Classics: Dragonwings by Laurence Yep
1. Yep, Laurence. (1975). Dragonwings. New York: HarperCollins.
2. Plot Summary: Although Moon Shadow is eight, he has never meet his father. That changes when his father summons him from China to join him in the “demon town” of San Francisco. Moon Shadow begins to love and respect his father, a man of genius, a man with fantastical ideas of flying. Windrider is willing to endure the torment of fellow Chinese, longing for his wife, and poverty to make his dream come true. All the while, Moon Shadow stands by his father’s side.
3. Critical Analysis: Dragonwings, published in 1975, was given the Newberry Honor for exceptional children’s literature. Among other awards, Dragonwings was given: School Library Journal Best Book, Horn Book Award, ALA Notable Children’s Book, and Lewis Carroll Shelf Award. After reading, there is no doubt why this book was so highly acclaimed among literature enthusiasts. Dragonwings bridges many different genres. It could be described as a blend of historical, realistic, and fantasy rolled into one cohesive narrative.
Told from Moon Shadow’s point-of-view, the story really is an account of how life was for Chinese immigrants in the early 1900s. Booklist says, “"A fine, sensitive novel written with grace in a way that conveys the Chinese American's cultural heritage." And, the life that is portrayed is not an easy one. Moon Shadow sees first hand the negativeness of racism. One day while doing his chores, Moon Shadow was walking to the garbage can and a crowd of boys, led by the largest and surliest, surrounds him, “I passed by him, when he kicked me in the backs of my legs. I fell on my back, cracking my head against the ground, the breath driven out of me.” (p. 118)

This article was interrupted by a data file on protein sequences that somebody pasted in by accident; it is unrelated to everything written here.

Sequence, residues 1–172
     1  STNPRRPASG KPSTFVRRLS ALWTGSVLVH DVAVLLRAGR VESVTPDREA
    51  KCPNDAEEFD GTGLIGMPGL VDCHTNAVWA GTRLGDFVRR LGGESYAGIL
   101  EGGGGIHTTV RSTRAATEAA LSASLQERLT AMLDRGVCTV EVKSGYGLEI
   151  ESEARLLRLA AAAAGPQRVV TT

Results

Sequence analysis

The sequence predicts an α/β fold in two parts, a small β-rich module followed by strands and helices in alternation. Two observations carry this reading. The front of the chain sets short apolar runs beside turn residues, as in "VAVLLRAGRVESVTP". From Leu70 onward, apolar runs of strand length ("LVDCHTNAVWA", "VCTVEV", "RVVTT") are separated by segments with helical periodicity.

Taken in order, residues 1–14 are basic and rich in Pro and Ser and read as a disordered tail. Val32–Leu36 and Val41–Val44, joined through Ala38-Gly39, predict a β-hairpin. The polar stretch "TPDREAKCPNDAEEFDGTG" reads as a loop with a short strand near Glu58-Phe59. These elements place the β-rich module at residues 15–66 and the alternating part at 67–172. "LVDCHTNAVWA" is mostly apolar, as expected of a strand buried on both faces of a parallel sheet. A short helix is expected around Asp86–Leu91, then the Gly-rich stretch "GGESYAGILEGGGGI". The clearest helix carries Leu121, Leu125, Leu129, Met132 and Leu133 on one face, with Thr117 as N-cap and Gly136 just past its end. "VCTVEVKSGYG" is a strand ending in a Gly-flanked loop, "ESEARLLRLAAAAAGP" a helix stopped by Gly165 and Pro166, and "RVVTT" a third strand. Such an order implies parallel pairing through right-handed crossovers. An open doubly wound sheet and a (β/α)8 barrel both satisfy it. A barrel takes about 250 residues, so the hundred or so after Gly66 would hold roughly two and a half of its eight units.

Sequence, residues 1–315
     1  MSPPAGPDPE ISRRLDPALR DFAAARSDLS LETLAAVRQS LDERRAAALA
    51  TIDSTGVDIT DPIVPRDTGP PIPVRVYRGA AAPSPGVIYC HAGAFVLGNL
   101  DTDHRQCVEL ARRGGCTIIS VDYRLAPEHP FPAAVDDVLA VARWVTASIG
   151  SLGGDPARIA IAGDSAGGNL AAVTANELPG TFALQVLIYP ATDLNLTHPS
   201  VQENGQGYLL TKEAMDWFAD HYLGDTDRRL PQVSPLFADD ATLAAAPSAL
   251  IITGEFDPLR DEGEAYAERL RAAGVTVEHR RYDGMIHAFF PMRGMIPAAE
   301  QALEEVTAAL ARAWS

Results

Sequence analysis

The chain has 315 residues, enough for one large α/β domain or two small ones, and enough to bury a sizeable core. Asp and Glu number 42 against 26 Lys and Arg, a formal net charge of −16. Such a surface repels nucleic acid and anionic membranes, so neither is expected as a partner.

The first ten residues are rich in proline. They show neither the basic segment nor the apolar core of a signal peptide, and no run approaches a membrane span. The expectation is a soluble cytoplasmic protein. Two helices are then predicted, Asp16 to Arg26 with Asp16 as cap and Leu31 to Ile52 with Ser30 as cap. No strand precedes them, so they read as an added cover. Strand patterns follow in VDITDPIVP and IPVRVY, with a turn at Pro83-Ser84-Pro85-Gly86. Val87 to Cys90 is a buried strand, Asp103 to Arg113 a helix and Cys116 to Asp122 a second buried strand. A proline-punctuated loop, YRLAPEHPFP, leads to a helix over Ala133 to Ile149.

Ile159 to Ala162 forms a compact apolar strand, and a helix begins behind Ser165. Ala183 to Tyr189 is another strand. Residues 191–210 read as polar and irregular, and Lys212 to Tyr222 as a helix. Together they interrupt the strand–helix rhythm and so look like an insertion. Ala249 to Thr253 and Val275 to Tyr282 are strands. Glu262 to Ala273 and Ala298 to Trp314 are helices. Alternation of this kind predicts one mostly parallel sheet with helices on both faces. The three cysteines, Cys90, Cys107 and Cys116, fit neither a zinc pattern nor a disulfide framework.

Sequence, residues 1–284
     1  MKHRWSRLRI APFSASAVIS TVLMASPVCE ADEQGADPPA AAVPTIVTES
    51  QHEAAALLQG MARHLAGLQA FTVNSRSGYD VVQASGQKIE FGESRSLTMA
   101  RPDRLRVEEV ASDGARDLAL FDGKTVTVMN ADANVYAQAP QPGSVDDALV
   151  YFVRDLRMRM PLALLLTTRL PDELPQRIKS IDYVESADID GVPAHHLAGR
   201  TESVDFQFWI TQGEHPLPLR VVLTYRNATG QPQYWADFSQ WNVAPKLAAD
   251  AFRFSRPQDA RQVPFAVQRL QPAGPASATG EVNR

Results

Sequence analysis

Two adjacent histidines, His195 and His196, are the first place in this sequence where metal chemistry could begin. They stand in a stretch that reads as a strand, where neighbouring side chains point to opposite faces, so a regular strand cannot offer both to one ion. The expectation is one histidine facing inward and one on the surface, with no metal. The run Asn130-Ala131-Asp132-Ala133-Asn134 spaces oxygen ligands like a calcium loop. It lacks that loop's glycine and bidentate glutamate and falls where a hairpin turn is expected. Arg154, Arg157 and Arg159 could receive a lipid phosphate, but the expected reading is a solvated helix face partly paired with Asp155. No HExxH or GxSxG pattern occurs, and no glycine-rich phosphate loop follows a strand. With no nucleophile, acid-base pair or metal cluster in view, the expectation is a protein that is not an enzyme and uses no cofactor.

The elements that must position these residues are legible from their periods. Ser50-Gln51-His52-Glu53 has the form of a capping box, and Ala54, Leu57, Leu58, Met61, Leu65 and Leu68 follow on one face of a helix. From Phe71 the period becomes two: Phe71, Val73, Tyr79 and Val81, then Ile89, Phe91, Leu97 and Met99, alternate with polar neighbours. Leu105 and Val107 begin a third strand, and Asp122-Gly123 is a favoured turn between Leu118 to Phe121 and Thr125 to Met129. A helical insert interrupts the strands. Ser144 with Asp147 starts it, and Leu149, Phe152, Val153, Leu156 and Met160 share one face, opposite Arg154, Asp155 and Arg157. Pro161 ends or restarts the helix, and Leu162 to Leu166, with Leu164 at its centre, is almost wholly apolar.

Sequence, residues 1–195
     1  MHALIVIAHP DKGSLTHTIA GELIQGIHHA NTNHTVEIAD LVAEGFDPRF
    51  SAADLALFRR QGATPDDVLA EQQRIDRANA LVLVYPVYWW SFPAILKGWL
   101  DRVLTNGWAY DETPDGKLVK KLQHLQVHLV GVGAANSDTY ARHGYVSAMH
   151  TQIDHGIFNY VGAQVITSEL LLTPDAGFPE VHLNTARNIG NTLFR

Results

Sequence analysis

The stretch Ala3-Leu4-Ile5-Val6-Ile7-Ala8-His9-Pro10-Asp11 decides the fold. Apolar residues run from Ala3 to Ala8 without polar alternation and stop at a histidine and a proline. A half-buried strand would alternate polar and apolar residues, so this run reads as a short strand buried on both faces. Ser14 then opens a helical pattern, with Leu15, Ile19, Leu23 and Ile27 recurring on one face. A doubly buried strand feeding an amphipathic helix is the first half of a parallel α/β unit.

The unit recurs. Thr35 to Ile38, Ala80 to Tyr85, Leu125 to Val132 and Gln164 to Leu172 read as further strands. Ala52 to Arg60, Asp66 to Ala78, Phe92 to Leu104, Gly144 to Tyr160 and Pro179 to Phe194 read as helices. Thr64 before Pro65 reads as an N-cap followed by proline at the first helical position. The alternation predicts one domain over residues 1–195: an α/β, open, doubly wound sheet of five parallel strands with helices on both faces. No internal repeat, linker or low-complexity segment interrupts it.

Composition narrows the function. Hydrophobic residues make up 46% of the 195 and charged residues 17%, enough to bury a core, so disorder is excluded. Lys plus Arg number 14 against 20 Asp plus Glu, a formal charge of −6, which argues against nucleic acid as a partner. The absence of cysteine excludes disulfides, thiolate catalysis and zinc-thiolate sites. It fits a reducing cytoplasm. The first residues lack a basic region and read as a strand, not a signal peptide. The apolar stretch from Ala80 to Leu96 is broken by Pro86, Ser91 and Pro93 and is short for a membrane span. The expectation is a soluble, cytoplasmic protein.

Although there is plenty of heartache and sadness found in this novel, Yep does a fine job of turning each moment of the book into a living experience. To me, the most drawing theme from this book is the idea that, although we are all different, there are good men and bad men in each culture. Moon Shadow and Wind Rider befriend a “white demoness” named Miss Whitlaw. Miss Whitlaw is a strong woman of good character. In fact, Moon Shadow is convinced she must’ve been a Tang woman in a past life. Miss Whitlaw also befriends the patriarch of the company, Uncle. “I won’t say that Miss Whitlaw and Uncle became the best of friends, but they came to like each other as much as two such different people could.” (p. 244) This relationship shows that there can be a bridge built to cover the distance between two very different cultures.
This book will not touch every reader; however, many children will grow to respect the power found in Yep’s words. The story is eye-opening and beautifully written.